Union Theological Seminary Student Life


Sarah Azaransky

Sarah Azaransky

Assistant Professor of Social Ethics


3041 Broadway, AD 414
New York, NY 10027



Ph.D., University of Virginia, Theology and Ethics
M.T.S., Harvard Divinity School
B.A. with High Honors, Swarthmore College, Religion


Professor Sarah Azaransky earned her BA at Swarthmore College with a major in Religion in 1998. As a Watson Fellow, she conducted research on cross-community women’s peace organizing in Northern Ireland, Israel and the West Bank, and Sri Lanka in 1998-1999. She received her Masters of Theological Studies from Harvard in 2001 and her Ph.D. from the University of Virginia in 2007. Before joining the Union faculty, she taught in the Department of Theology and Religious Studies at the University of San Diego. 

Dr. Azaransky’s publications include The Dream is Freedom: Pauli Murray and American Democratic Faith (Oxford University Press, 2011), an edited volume Religion and Politics in America’s Borderlands (Lexington, 2013), and articles such as “Citizenship and Jesus and the Disinherited: From Black Internationalism to Whiteness on the Contemporary Border” in Black Theology (2013) and “Jane Crow: Pauli Murray’s Intersections and Anti-Discrimination Law” in Journal of Feminist Studies in Religion.  Her writing has also appeared in commondreams.org, Religious Studies News, and the Christian Century.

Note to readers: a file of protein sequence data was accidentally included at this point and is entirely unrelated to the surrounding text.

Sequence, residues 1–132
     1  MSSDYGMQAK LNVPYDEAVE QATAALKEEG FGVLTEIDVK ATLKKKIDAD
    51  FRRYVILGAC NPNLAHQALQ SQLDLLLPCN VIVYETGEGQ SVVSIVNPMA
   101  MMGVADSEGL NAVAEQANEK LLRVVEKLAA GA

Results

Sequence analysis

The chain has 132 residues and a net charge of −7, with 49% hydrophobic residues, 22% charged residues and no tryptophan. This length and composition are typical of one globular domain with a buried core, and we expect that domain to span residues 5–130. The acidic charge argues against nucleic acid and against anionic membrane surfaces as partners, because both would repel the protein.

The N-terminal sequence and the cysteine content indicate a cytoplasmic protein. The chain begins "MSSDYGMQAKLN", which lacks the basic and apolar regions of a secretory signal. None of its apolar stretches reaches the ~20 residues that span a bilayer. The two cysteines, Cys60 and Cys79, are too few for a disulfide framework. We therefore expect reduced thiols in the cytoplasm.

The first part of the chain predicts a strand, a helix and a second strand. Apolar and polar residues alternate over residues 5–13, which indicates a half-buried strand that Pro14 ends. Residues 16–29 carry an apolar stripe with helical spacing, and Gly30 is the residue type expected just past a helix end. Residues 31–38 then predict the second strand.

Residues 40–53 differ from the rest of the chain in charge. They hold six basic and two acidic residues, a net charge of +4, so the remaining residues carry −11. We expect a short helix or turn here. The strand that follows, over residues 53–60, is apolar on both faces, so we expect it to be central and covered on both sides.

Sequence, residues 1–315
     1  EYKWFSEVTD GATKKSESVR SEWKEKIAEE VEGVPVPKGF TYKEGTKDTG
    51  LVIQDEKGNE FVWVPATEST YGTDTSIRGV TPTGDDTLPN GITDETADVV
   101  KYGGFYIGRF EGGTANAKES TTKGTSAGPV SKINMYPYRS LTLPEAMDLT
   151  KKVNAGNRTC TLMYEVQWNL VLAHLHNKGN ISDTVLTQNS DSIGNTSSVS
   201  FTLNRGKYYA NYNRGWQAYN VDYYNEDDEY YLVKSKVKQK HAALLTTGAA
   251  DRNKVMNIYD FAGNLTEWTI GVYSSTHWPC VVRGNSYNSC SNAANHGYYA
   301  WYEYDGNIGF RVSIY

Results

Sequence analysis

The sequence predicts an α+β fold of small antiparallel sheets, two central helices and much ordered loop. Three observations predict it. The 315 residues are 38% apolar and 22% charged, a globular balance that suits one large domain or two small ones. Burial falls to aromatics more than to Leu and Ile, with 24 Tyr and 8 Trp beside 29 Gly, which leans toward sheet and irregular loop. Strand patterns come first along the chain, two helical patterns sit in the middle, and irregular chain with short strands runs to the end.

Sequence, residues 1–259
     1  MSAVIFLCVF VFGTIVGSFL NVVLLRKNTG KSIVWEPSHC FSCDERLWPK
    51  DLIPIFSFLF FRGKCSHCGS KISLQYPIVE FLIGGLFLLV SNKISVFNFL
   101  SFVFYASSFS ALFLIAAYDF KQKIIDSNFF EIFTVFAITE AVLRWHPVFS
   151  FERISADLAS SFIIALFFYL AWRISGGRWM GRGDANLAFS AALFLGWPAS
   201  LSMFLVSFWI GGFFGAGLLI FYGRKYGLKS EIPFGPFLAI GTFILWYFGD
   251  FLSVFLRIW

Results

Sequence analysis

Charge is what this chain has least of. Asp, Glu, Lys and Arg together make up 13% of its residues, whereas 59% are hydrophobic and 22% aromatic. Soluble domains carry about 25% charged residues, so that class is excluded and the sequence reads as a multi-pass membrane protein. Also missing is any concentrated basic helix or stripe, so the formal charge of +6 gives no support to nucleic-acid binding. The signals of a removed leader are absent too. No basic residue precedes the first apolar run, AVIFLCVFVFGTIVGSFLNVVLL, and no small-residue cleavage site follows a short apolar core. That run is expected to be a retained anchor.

Dr. Azaransky serves on the American Academy of Religion’s Afro-American Religious History steering committee and on the Research Grants committee. She has presented papers at the AAR, Society of Christian Ethics, Western Political Science Association, and California American Studies Association. She is currently working on a book about the international roots of the Civil Rights movement.  The project has received support from the American Academy of Religion and the Louisville Institute. 


Sexual Ethics in New York City (Spring 2015)
Postcolonial Christian Ethics (Spring 2015)  

Christian Ethics of Immigration and the Borderlands (Fall 2014)
Religious and Sexual Legacies of American Racial Slavery (Fall 2014)



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